Actor Joe Morton takes on all the roles of this audiocassette's multicultural cast of characters. His grasp of New Jersey accents, dialects, and inflections is flawless, imbuing all of Richard Price's carefully drawn characters with a gritty sense of authenticity. Morton's crisp, controlled narration propels the story forward with taut, edgy suspense. As he reads, he glides effortlessly from his role as narrator to those of the main characters. Single mother Brenda Martin speaks with a breathy, stammering, and truly fear-permeated voice, while the introspective African American detective, Lorenzo Council, has a clipped, businesslike manner of speaking. Morton takes equal care in bringing to life Price's minor characters, whether portraying a no-nonsense, white New Jersey housewife whose voice has been made coarse by too many cigarettes, or an African American Muslim preacher whose commanding bass voice isn't quite powerful enough to spur his community to action. Morton's greatest achievement, however, is his characterization of Council's jaded, middle-aged white partner, Bump. When Morton slips into the role of Bump, his growling, Jersified Brooklynese is so startling, it almost seems that a life-long resident of Hoboken has stepped into the recording studio and appropriated Morton's microphone. The recording is slightly marred by occasional intrusions of synthesized music that are, for the most part, superfluous and distracting, but Morton's acting abilities and vocal agility are more than sufficient to keep any listener riveted. (Running time: four hours, four cassettes) --Elizabeth Laskey
--This text refers to an out of print or unavailable edition of this title.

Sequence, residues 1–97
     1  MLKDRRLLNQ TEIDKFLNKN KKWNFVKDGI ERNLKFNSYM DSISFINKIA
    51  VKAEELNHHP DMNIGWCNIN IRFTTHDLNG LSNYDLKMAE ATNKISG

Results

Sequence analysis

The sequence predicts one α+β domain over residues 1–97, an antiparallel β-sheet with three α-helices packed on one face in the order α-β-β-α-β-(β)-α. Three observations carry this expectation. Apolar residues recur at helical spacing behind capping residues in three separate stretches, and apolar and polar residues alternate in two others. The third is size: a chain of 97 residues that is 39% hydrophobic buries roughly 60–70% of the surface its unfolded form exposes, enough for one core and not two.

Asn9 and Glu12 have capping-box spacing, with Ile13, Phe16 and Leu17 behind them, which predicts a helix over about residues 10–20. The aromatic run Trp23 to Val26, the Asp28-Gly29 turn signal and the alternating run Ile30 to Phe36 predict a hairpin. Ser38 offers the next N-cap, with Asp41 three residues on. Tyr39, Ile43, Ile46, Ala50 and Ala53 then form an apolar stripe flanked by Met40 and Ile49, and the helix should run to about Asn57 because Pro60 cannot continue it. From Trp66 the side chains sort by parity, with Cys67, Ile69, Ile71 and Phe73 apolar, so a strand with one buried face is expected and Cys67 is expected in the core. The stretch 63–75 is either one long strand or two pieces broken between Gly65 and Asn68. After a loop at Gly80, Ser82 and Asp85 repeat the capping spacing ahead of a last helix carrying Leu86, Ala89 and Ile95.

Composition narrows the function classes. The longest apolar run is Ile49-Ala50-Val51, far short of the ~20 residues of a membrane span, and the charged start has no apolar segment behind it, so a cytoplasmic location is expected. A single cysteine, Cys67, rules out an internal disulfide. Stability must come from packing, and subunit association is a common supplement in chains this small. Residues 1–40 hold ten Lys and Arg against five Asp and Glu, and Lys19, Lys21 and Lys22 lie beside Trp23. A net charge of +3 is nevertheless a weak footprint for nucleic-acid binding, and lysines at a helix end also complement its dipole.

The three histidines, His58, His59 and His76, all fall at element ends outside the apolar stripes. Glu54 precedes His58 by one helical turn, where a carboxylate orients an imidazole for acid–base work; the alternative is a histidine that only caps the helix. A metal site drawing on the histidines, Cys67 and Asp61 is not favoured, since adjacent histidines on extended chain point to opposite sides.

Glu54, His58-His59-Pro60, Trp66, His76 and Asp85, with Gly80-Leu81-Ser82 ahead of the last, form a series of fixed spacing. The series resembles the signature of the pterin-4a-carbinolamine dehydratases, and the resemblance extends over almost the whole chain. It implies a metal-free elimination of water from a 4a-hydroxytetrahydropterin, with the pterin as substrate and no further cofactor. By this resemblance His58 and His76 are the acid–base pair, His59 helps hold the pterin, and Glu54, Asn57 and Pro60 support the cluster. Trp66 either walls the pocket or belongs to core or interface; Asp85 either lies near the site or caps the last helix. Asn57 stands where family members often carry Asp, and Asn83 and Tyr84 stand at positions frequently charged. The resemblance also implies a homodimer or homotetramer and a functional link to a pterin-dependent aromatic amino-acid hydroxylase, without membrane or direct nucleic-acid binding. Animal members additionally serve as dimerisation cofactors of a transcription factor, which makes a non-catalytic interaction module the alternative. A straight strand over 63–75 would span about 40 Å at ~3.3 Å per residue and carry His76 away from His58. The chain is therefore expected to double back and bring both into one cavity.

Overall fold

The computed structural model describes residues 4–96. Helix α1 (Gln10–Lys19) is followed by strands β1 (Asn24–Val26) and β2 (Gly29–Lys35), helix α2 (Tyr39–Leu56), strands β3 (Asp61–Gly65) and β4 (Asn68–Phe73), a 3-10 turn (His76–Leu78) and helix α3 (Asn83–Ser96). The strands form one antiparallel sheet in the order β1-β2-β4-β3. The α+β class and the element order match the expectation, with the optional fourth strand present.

From Publishers Weekly
Set in the same blasted New Jersey ghetto as his much-admired Clockers (1992), Price's first novel since that bestseller is less a sequel than a monumental complement played in minor key, a re-visitation by an author who's older, sadder, wiser. The story flows from an event drawn from headlines: Brenda Martin, a white woman, staggers bleeding into a hospital to claim that her car has been hijacked by a black man?with her four-year-old son in the backseat. The jacking allegedly occurred in the park that divides the largely black city of Dempsey from the white-dominated city of Gannon. In response, Gannon cops seal off and invade D-Town, inflaming racial tensions and attracting an army of media. As in Clockers, Price again scans urban life through two protagonists, one black, one white?here, black Dempsey cop Lorenzo Council and white local reporter Jesse Haus. As both draw close to grief-crazed Brenda, one question propels the narrative: Is she telling the truth? The answer and its violent aftermath are equally inevitable, as Price snares the surface and the substance of America caught in a slow-motion riot of racial rage. His language is street-fresh, his dialogue as if eavesdropped; his characters are soulful, flawed, dead real. Price's experience as a screenwriter (The Color of Money, etc.) shows in the predictable dramatic arc of his tale, but the novel is no less powerful for its popular bent. Within its structural confines, the story line veers in unexpected directions, with each detour bringing readers closer to Price's ultimate vision?that our nation's hope lies not in social movements but in the flame of humaneness that flickers in each of us, cop and criminal, black and white. 125,000 first printing; $175,000 ad/promo; BOMC and QPB alternates; first serial to the New Yorker; film rights to Scott Rudin/Paramount for $2 million; simultaneous BDD audio; author tour.
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Copyright 1998 Reed Business Information, Inc.
--This text refers to the Hardcover edition.